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IUPAC name
3D model (JSmol)
Molar mass 56.06326
Density 0.867 g/mL at 25 °C
Melting point −90 °C (−130 °F; 183 K)
Boiling point 50 to 53 °C (122 to 127 °F; 323 to 326 K) at 22 mmHg
Except where otherwise noted, data are given for materials in their standard state (at 25 °C [77 °F], 100 kPa).
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Infobox references

Cyclopropanone is an organic compound with molecular formula C3H4O consisting of a cyclopropane carbon framework with a ketone functional group. The parent compound is labile with melting point −90 °C and has been prepared by reaction of ketene with diazomethane at −145 °C.[1][2] Derivatives of cyclopropanone are of some interest to organic chemistry.[3]

In organic synthesis the use of cyclopropanone itself is substituted by that of synthons such as the acetals cyclopropanone ethyl hemiacetal[4] and cyclopropanone ethyl trimethylsilyl acetal.[5]


Cyclopropanones are intermediates in the Favorskii rearrangement with cyclic ketones where carboxylic acid formation is accompanied by ring-contraction.

An interesting feature of cyclopropanones is that they react as 1,3-dipoles in cycloadditions for instance with cyclic dienes such as furan.[6][7] An oxyallyl intermediate or valence tautomer (formed by cleavage of the C2-C3 bond) is suggested as the active intermediate or even a biradical structure (compare to the related trimethylenemethane).

Cyclopropanone tautomeric structures

Experimental evidence is not conclusive. Other reactions of cyclopropanones take place through this intermediate. For instance enantiopure (+)-trans-2,3-di-tert-butylcyclopropanone racemizes when heated to 80 °C.[8]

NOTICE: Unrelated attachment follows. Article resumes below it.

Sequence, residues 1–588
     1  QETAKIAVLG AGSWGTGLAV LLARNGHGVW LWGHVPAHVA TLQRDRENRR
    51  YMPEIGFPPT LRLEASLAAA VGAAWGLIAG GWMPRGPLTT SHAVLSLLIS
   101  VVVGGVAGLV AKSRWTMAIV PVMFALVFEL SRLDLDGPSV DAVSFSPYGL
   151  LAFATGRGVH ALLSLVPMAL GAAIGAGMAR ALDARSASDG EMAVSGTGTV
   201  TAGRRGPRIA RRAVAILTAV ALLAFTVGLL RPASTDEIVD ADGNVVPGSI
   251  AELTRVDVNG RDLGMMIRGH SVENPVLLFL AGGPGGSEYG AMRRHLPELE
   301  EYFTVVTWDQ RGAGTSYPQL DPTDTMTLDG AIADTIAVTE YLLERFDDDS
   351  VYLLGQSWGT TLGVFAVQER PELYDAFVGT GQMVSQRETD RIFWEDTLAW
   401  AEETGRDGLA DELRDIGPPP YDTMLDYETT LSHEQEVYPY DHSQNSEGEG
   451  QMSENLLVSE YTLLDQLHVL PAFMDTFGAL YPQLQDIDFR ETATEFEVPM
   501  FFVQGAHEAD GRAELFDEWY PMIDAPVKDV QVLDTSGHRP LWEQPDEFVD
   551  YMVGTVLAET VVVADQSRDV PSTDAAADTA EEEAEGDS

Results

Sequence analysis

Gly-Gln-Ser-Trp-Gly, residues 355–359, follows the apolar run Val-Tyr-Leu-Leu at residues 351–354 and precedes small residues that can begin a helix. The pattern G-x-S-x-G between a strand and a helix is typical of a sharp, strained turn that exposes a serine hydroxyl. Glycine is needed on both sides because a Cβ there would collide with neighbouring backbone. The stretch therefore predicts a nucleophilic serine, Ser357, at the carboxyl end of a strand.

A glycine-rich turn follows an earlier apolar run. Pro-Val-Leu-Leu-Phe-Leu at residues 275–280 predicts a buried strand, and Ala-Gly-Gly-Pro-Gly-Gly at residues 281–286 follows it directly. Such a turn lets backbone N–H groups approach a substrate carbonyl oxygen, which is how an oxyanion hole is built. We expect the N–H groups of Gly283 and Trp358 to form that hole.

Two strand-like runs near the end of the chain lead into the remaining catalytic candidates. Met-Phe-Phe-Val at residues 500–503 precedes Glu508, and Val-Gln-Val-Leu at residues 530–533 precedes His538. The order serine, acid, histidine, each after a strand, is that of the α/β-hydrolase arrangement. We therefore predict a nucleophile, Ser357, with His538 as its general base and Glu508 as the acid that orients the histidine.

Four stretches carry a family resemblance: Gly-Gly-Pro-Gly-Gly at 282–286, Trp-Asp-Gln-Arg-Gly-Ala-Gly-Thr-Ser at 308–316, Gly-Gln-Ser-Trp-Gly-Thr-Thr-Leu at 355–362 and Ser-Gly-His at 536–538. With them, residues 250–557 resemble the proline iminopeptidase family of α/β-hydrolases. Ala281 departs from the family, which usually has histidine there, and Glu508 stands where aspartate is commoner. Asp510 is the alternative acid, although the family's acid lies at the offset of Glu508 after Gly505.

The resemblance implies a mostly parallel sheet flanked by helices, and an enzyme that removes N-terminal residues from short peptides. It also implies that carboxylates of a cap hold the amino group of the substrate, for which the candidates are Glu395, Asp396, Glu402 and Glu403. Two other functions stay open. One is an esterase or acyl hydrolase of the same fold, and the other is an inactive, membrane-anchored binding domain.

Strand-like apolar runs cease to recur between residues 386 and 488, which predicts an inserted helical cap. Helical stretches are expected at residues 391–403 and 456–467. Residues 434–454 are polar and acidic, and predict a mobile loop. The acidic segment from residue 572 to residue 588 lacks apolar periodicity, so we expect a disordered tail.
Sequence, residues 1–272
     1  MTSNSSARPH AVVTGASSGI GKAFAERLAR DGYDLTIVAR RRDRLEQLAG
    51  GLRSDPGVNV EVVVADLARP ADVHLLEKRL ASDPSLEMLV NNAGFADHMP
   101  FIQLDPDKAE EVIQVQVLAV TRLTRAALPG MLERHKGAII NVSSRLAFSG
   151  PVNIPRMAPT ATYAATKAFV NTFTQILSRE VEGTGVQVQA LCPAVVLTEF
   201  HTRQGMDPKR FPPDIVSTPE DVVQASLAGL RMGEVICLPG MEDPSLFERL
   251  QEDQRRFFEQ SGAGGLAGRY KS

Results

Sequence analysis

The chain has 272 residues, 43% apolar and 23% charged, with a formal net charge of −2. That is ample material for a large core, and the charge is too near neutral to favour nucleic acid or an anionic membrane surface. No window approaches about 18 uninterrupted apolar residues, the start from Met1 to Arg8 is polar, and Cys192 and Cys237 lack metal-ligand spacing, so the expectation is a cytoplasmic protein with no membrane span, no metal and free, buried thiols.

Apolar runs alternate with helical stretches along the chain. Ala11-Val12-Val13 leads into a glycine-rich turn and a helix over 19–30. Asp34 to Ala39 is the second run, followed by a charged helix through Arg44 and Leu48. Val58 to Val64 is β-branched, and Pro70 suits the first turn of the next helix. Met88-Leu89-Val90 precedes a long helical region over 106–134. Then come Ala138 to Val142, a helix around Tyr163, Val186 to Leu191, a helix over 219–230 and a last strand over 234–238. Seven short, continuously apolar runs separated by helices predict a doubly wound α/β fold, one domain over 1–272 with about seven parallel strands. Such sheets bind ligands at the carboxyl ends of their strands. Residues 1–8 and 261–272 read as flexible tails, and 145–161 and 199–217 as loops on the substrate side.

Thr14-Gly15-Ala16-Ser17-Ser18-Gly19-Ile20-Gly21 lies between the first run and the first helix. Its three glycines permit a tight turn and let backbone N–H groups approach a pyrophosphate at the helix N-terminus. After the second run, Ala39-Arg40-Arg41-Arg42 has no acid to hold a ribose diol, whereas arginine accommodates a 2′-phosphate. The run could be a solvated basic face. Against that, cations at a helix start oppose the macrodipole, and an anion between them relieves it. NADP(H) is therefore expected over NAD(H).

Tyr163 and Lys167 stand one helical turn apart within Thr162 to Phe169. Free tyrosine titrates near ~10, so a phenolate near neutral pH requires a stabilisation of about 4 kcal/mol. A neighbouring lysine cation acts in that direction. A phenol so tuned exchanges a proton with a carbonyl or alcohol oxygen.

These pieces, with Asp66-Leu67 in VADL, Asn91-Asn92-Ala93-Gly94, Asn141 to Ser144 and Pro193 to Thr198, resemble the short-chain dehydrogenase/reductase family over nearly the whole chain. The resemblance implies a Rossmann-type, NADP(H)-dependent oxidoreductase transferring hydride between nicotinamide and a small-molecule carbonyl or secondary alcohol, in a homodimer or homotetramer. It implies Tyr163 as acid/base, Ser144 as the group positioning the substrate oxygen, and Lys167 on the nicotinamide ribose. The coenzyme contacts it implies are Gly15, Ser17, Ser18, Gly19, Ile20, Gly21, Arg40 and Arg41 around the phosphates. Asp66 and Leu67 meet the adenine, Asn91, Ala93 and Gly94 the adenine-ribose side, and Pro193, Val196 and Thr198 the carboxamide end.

An oxyallyl intermediate is also proposed in the photochemical conversion of a 3,5-dihydro-4H-pyrazole-4-one with expulsion of nitrogen to an indane:[9]

2,3-Dimethyl-2,3-diphenylcyclopropanone intermediate in photolysis

In this reaction oxyallyl intermediate A, in chemical equilibrium with cyclopropanone B attacks the phenyl ring through its carbocation forming a transient 1,3-cyclohexadiene C (with UV trace similar to isotoluene) followed by rearomatization. The energy difference between A and B is 5 to 7 kcal/mol (21 to 29 kJ/mol).

See also[edit]


  1. ^ Turro, N.J.; Hammond, W.B. (1968). "Cyclopropanones—VIII". Tetrahedron. 24 (18): 6017–6028. doi:10.1016/S0040-4020(01)90985-8.
  2. ^ Rothgery, E. F.; Holt, R. J.; McGee, H. A. (1975). "Cryochemical synthesis and molecular energetics of cyclopropanone and some related compounds". Journal of the American Chemical Society. 97 (17): 4971–4973. doi:10.1021/ja00850a034.
  3. ^ Turro, Nicholas J. (1969). "Cyclopropanones". Accounts of Chemical Research. 2: 25–32. doi:10.1021/ar50013a004.
  4. ^ Organic Syntheses, Coll. Vol. 7, p.131 (1990); Vol. 63, p.147 (1985). [Link]
  5. ^ Datasheet commercial supplier Link
  6. ^ Turro, Nicholas J.; Edelson, Simon S.; Williams, John R.; Darling, Thomas R.; Hammond, Willis B. (1969). "Cyclopropanones. XII. Cycloaddition reactions of cyclopropanones". Journal of the American Chemical Society. 91 (9): 2283–2292. doi:10.1021/ja01037a018.
  7. ^ Edelson, Simon S.; Turro, Nicholas J. (1970). "Cyclopropanones. XVII. Kinetics of the cycloaddition reaction of cyclopropanones with 1,3-dienes". Journal of the American Chemical Society. 92 (9): 2770–2773. doi:10.1021/ja00712a030.
  8. ^ Greene, Frederick D.; Sclove, David B.; Pazos, Jose F.; Camp, Ronald L. (1970). "Thermal reactions of a cyclopropanone. Racemization and decarbonylation of trans-2,3-di-tert-butylcyclopropanone". Journal of the American Chemical Society. 92 (25): 7488. doi:10.1021/ja00728a051.
  9. ^ Moiseev, Andrey G.; Abe, Manabu; Danilov, Evgeny O.; Neckers, Douglas C. (2007). "First Direct Detection of 2,3-Dimethyl-2,3-diphenylcyclopropanone". The Journal of Organic Chemistry. 72 (8): 2777–2784. doi:10.1021/jo062259r. PMID 17362038.